Now see this: Youth art, ingenuity featured in downtown displays


Editor's note: This article has been amended from its original version to reflect a time change for the "I Colori" reception at the Berkshire Athenaeum. It takes place from 3-5 p.m. on Friday.

PITTSFIELD — Three downtown venues have opened their doors to showcase nearly a thousand pieces of student art work this winter.

On the heels of the "IS183 Art School Kids Create Show: A Learning Through Arts Showcase," hosted by the Lichtenstein Center for the Arts, which closed on Monday, two new student art exhibits will host opening receptions this Friday, during the city's First Fridays Artswalk.

"I Colori Per La Pace: An exhibit of over 500 Berkshire County K-5th grade artists about "PEACE,"" opens in the Children's Library at the Berkshire Athenaeum on Wendell Avenue. A free, public reception will take place from 3-5 p.m. A "Youth Art Month" celebration kick-off will also kick off that evening, with a reception from 5-7 p.m. at the Berkshire Museum, 39 South St. 

The "I Colori Per La Pace" exhibit, features a rainbow of 5-by-5-inch transparent square illustrations of what local school children think of when they consider the concept of "peace."

The collective work will then be shipped this spring to be part of an international exhibit, curated by a movement of the same name as the exhibit, chaired by Antonio Giannelli. Thousands of drawings are being collected from 93 nations around the world in collaboration with the Pontifical Institute for Foreign Missions, and will include the art of young people via associations operating in regions of crisis. The movement was developed as a way to memorialize the 560 people killed in Sant'Anna di Stazzema, Tuscany, Italy on Aug. 12, 1944 at the hand of Nazi German troops seeking to silence an Italian resistance movement during World War II. More than 100 children were among those systematically executed.

"To see this artwork created by kids inspired by peace is an absolute gift," said Berkshire Athenaeum Director Alex Reczkowski, who added that he was thrilled to collaborate with IS183 to host the "I Colori" exhibit while simultaneously brightening the Children's Library.

"The foundation of librarianship has access as a cornerstone, and this project turns that on its ear a bit: Usually we think about providing access to books or resources, computers or WiFi; but, for me, this project gives us access to something even more valuable: the hope of the future."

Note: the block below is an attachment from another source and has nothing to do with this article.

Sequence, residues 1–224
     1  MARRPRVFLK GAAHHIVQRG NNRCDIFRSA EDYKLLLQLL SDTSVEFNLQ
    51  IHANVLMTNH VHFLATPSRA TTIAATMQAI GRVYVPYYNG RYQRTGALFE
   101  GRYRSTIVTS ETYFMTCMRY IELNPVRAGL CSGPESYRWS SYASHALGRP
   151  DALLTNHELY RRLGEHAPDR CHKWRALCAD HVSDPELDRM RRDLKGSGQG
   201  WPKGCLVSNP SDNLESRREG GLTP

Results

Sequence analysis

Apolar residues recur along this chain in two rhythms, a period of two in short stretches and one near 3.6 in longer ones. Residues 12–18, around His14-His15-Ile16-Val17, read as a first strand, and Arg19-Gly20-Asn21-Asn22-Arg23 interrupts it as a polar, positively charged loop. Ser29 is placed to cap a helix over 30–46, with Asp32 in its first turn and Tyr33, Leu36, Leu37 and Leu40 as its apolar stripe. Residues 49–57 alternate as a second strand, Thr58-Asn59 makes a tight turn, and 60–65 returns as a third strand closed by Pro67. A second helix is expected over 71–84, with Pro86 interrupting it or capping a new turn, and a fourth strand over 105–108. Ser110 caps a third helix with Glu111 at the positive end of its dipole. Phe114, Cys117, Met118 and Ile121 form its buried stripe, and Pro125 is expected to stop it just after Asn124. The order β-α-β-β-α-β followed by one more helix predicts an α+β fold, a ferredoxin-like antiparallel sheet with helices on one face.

Reczkowski said Friday's family-friendly opening reception will not only introduce people to this aspect of the art world, but also give guests an opportunity to work with IS183 and library staff on an art project, "so folks can make a piece of the joy and peace to take along home."

Just a couple of blocks away, in the Berkshire Museum's Crane Room, people will be able to view an exhibition of artwork from 12 art classrooms across Berkshire County, through March 31. Art educator Mary Beth Eldridge, who curated the visual art exhibit says she worked with nearly 20 teachers to gather some 175 pieces of art by students from various grades, with support from the Berkshire County Arts Educators Professional Learning Network.

Because March is designated Youth Art Month and Music in Our Schools month by national arts education groups, Friday's reception will include musical performances by student musicians. The Jazz Ensemble from Hoosac Valley High School, directed by Jacob Keplinger, will perform at 5 p.m. At 6, the Berkshire Arts and Technology Charter Public School Wind Quartet, directed by James Bergin, performs a wide variety of classical and popular music on flutes, clarinet, and trumpet, as well as drums, bass, and keyboard.

Asked why it's important to showcase students' artistic endeavors, Eldridge said, "It's important, because a show like this emphasizes the value of young people's artistic expression, and the quality and importance of art programs in our county schools."

She said, "I think visitors will be impressed with the range and quality of the work. Some teachers will include statements about their classroom practices and their students' work. Drafting, revising, presenting and performing are national and state standards for arts education."

In addition to the Pittsfield exhibits, the mixed media works in the 32nd Annual Berkshire County High School Art Show remain on view through Sunday, further evidence to the robust school-based art programs available to local students in both public and independent schools.

Said Lucie Castaldo, director of IS183 Art School of the Berkshires, the mission of her organization and other public youth art shows is to emphasize the value that "art is for everyone," and that people should not feel locked out by admission fees or feel afraid that art gallery experiences aren't for them.

"For me, this is also about supporting the confidence of students," she said.

Student art shows in the Berkshires

All of the following shows are free and open to the public.

What: I Colori Per La Pace: An exhibit of Berkshire County K-5 artists about "PEACE"

Where: Children's Library at Berkshire Athenaeum, 1 Wendell Ave., Pittsfield.

When: Reception is from 3-5 p.m. on Friday. Works remain on view through March 13. 

Info: Call IS183 at 413-298-5252, ext. 100 or visit

What: Youth Art Month and Music in Our Schools month celebrated.

Where: Crane Room of the Berkshire Museum, 39 South St., Pittsfield.

When: Reception is from 5-7 p.m. on Friday, featuring live student musical performances. Works remain on view through March 31.

Info: 413-443-7171 or

What: 32nd Annual Berkshire County High School Art Show.

Where: Lower gallery of Norman Rockwell Museum, 9 Glendale Road (Route 183), Stockbridge.

When: This is the final week. The show closes after Sunday.

Info: 413-298-4100,


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